The Story of Rock ‘n’ Roll Comics
Directed by Ilko Davidov
Wild Eye Releasing
(available April 24, 2012)
If you have vague memories of the Rock ‘n’ Roll Comics series, this documentary might help bring those memories back into focus. Originally debuting at various film festivals under the title Unauthorized and Proud of It in 2006, it is now getting a proper DVD release with a new title through Wild Eye Releasing.
The focus of The Story of Rock ‘n’ Roll Comics is Todd Loren, the mastermind behind Revolutionary Comics, whose most famous line was Rock ‘n’ Roll Comics but also included Baseball Legends, Alternative Comics, Carnal Comics and some conspiracy-based issues such as “Marilyn Monroe: Suicide or Murder?” and “Who Really Killed JFK?”
A comic book enthusiast as a youth, his father helped him organize a convention for collectors. His love for comics continued to grow and he proceeded to start his own mail-order business, Comicade, specializing in out-of-print issues. He then started Musicade, selling rock memorabilia and imported records. After building a successful business, and against the advice of his associates, Loren decided to begin a new business venture: comic book publication. He faced struggles, including the threat of lawsuits from some high-profile bands (Guns N’ Roses, Mötley Crüe, Bon Jovi), but when the New Kids on the Block too him to court, the judge ruled in favor of Revolutionary Comics based on the First Amendment.
Not everyone was against Loren. Jerry Garcia of the Grateful Dead and Gene Simmons of KISS both called off their respective lawyers, and Simmons went so far as to give Loren information to use in his books. The documentary features an audio recording of a telephone call between Simmons and the comic book company, after which Loren and his staff celebrated because of the demon rocker’s willingness to work together.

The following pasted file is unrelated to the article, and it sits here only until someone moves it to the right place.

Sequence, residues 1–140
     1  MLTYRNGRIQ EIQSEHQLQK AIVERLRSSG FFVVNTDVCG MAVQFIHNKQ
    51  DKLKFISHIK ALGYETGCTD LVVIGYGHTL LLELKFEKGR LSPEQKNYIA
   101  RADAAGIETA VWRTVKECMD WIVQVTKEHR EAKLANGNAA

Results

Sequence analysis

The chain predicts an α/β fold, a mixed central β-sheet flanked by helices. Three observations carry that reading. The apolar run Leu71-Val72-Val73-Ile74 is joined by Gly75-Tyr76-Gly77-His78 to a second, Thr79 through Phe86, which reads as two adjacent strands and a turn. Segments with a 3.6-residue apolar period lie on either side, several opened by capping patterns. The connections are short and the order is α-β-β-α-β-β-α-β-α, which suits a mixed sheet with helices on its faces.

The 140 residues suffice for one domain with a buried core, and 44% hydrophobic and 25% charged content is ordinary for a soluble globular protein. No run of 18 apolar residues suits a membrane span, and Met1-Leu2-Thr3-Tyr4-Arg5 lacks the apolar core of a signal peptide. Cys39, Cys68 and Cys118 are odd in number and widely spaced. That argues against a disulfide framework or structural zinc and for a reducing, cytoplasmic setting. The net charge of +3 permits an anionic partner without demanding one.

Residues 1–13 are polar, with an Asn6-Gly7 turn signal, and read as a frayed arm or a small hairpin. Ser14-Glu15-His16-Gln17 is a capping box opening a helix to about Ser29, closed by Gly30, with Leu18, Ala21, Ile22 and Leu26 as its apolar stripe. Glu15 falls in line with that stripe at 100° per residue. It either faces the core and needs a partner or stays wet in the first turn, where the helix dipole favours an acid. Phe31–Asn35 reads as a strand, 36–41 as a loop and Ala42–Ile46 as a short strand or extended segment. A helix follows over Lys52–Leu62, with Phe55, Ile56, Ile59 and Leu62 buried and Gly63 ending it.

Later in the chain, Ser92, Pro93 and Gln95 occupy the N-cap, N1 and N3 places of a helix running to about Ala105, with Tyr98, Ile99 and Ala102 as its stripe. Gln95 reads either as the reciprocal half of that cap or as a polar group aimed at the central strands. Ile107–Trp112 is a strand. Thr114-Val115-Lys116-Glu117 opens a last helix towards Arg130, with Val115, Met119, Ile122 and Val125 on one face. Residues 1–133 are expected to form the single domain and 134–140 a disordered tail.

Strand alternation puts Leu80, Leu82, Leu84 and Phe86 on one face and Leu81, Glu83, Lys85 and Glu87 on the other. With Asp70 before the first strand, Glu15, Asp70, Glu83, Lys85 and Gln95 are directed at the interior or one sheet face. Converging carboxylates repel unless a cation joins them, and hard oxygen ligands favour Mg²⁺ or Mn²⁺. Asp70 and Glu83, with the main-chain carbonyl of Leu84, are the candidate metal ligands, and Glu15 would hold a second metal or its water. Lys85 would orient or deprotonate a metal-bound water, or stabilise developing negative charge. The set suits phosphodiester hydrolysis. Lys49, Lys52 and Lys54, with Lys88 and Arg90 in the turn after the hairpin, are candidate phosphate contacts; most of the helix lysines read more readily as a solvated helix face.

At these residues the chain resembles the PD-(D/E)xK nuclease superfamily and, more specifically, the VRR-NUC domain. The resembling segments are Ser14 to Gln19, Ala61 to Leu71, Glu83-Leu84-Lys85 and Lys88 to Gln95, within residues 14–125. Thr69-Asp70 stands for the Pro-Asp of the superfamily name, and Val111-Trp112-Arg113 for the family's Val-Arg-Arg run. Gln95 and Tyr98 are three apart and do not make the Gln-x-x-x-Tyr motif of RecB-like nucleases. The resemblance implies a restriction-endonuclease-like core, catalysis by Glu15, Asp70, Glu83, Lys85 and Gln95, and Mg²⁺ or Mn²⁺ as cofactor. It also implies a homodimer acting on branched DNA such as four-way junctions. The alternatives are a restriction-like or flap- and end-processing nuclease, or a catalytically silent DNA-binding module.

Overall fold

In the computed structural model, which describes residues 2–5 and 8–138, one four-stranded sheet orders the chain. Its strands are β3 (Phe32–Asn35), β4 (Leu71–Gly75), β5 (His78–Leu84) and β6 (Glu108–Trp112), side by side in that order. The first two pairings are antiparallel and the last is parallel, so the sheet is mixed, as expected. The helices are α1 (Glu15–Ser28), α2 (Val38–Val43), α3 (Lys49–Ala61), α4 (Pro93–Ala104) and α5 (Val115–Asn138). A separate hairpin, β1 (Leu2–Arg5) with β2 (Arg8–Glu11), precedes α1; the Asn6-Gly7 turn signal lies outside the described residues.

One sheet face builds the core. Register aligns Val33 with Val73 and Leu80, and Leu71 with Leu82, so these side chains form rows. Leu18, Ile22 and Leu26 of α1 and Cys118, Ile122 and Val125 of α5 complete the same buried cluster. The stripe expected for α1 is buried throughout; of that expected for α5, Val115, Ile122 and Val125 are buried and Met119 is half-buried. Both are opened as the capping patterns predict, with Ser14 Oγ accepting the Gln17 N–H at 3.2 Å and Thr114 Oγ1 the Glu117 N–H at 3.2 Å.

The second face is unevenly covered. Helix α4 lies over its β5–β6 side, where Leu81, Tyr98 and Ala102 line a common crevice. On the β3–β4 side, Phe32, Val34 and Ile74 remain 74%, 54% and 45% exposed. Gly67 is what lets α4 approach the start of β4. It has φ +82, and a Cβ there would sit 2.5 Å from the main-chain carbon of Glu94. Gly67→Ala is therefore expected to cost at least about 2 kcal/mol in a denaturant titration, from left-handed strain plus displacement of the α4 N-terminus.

The documentary clocks in at eighty minutes, and the viewer is treated to extensive interviews with rocks Alice Cooper and Mojo Nixon, writers and artists for Revolutionary, as well as Loren’s father Herb Shapiro and archive footage of Loren himself talking about the company. Jay Allen Sanford, a writer and editor for Revolutionary Comics, and Spike Steffenhagen, a comic writer, both share a great deal about the inner workings of the company and Loren’s dealings with the talent. As with any controversial figure, some saw him as a good guy, while others saw him as a snake in the grass.
Nearly an hour of the movie examines the business, while the murder of Loren is touched on during the final twenty minutes. In June 1992, the publisher was found stabbed to death at his home. The case has not been solved to this day. Theories abound, probably enough to fill the pages of one of Loren’s own publications. One suggestion is that the serial killer Andrew Cunanan, who in 1997 murdered five people including Gianni Versace before taking his own life, was responsible for Loren’s death.
The Story of Rock ‘n’ Roll Comics presents both sides of Loren, interviewing both friends and enemies. It is an inspiring story for those who love their First Amendment rights, while a heartbreaking story as it warns against the dangers of abusing those rights, and the cost of protecting them.
This documentary is recommended for all adults who love comics and rock and roll. (Side-note for parents, there is foul language in the film as well.)